By Audrey Engel
This fall, the Oregon Right to Life Education Foundation is offering its third annual $2,500 scholarship to students majoring in journalism, film, literature or other types of media communication. The application is due Nov. 1.
I learned about the media scholarship last year, just a couple weeks before the deadline. As a literature and creative writing major, I was intrigued by the opportunities it presented. The scholarship called for good communication skills, a strong pro-life conviction, and a need to receive extra college tuition.
When I talked to Kate Ewald, director of the Education Foundation, she emphasized that ORTL focuses on presenting information about the value of life. Through a 10-20 hour internship included with the scholarship, ORTL trains students to understand and communicate a pro-life message.
At the time, I had little experience with journalism or nonfiction, and I wasn’t sure that fiction would count as an appropriate type of communication for ORTL. Still, I submitted the application, along with two short essays and the reference letters ORTL requested.
In December, I found out that ORTL had selected me for the 2009 scholarship.
ORLT expects applicants to participate in an interview with the scholarship committee, and the winner will attend three hour-long seminars on abortion, assisted suicide and stem cell research. I was able to drive to ORTL’s office in Keizer to fulfill these requirements.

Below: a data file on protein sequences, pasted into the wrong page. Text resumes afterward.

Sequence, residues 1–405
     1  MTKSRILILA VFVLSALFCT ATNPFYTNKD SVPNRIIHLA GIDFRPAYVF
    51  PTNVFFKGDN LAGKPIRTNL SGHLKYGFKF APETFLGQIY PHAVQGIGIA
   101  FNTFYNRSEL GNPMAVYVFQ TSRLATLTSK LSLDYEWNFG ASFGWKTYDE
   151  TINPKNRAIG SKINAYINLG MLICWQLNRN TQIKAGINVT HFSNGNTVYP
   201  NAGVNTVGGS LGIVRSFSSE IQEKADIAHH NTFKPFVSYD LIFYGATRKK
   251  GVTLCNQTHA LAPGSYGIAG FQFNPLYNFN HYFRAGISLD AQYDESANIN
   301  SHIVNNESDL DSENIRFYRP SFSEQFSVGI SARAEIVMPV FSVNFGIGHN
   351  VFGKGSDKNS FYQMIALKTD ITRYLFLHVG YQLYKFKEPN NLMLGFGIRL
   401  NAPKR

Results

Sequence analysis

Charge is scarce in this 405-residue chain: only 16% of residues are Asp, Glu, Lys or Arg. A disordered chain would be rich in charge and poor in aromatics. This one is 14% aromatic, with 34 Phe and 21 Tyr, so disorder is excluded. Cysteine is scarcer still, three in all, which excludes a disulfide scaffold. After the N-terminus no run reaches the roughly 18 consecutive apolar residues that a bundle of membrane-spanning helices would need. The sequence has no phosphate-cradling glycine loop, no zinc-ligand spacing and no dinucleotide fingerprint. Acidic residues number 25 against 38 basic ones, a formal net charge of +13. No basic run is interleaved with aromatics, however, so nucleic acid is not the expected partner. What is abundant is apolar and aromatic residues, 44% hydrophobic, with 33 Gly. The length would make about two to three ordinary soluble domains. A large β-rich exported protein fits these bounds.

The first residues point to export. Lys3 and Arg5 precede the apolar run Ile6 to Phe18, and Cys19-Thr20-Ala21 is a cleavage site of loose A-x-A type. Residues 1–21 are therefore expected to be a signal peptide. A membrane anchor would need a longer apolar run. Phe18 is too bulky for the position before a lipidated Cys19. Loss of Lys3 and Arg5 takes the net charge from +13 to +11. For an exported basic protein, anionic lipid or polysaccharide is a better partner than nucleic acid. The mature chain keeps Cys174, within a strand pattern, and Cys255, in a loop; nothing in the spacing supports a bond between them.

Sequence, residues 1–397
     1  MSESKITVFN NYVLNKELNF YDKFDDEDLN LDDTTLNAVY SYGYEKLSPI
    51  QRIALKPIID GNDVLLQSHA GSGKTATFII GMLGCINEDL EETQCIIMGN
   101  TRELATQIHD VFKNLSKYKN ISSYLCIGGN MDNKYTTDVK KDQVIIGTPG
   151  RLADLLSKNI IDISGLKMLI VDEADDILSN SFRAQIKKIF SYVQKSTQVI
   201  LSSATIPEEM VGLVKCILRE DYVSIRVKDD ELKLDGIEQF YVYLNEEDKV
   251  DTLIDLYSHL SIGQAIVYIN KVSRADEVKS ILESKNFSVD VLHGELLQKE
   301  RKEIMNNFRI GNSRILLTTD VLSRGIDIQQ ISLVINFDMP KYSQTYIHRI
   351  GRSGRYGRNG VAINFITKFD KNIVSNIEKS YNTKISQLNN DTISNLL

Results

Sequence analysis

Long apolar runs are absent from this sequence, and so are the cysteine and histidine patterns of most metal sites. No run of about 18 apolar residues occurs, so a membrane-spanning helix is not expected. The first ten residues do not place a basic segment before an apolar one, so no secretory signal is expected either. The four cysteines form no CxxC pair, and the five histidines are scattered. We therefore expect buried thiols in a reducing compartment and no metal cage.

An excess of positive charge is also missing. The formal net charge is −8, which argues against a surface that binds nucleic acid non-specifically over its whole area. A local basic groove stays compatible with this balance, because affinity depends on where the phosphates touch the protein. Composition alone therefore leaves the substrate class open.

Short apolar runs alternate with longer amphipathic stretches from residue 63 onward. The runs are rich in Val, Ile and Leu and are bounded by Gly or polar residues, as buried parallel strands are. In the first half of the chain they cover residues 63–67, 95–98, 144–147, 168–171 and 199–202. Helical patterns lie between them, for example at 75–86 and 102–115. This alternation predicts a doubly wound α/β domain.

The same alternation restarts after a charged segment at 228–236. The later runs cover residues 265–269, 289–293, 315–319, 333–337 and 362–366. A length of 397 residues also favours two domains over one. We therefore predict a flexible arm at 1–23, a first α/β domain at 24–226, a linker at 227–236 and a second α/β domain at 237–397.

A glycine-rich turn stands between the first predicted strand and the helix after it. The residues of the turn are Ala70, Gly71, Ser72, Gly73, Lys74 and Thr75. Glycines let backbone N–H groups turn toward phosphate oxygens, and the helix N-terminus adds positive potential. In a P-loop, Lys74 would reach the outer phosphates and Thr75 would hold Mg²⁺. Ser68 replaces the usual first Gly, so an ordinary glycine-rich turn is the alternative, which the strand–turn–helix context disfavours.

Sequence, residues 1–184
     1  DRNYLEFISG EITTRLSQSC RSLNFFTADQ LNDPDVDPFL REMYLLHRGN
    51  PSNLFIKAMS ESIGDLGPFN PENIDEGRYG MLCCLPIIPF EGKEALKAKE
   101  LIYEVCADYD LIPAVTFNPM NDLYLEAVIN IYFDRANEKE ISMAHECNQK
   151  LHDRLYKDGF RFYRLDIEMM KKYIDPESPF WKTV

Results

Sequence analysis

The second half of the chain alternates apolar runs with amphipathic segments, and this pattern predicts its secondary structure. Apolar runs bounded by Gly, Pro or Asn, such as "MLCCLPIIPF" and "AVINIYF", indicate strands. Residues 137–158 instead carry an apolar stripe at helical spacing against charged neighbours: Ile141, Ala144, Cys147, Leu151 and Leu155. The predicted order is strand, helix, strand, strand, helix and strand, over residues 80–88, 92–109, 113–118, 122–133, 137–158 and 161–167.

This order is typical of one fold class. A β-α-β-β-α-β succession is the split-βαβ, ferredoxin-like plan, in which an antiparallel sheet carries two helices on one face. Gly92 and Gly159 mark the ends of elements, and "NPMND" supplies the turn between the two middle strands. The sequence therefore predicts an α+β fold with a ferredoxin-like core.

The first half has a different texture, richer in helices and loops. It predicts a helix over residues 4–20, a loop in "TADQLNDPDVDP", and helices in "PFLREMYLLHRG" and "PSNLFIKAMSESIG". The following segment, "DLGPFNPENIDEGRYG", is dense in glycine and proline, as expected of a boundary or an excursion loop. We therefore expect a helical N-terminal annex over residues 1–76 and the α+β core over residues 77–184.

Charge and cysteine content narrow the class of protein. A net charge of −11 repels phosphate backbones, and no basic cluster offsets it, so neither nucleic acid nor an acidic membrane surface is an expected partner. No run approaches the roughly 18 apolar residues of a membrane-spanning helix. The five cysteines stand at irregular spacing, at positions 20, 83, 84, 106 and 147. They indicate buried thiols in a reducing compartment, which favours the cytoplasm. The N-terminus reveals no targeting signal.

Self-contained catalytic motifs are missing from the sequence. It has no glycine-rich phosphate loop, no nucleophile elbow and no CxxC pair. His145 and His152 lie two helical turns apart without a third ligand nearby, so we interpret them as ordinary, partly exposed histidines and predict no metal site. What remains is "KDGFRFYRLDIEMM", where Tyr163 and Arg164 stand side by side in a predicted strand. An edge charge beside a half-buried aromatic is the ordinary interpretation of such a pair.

Before I started, I knew the general arguments over abortion and stem cell research, but the seminars provided a thorough background on the issues, as well as some revealing facts. For example, many people oppose cloning as a source for stem cell lines, but some advocates re-label the process as “Somatic Cell Nuclear Transfer” to avoid the negative associations of “cloning.”
Also, polls show that most people oppose late-term abortion, but they don’t realize that the procedures are still legal and largely unregulated. My first assignment was a 400-word research article on common myths about abortion.
I wrote two other short articles during my internship, including a movie review for “Juno” and an interview with an adoptive family, describing the adoption process and the way it had affected their family.
These articles helped me to see pro-life issues differently. I realized I couldn’t just argue that abortion is wrong and harmful; I need explain how women could find help through adoption or community outreach centers. In the process, I discovered a new form of storytelling.
For students interested in the scholarship, ORTL offers more information and an application form on its website: